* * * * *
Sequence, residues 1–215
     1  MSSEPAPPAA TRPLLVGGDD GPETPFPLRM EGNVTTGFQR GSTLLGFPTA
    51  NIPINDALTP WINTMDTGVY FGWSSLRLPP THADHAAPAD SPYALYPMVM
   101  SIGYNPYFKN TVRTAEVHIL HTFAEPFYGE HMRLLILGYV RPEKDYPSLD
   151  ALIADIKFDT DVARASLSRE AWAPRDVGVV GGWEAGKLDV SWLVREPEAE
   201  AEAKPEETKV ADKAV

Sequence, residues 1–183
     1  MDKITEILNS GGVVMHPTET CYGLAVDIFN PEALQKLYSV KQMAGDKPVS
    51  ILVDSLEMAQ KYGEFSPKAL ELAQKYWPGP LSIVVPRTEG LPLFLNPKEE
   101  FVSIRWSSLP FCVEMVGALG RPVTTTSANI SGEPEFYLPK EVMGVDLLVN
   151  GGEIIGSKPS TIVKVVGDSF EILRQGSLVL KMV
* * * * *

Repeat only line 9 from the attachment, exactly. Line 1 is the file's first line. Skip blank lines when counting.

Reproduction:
    51  ILVDSLEMAQ KYGEFSPKAL ELAQKYWPGP LSIVVPRTEG LPLFLNPKEE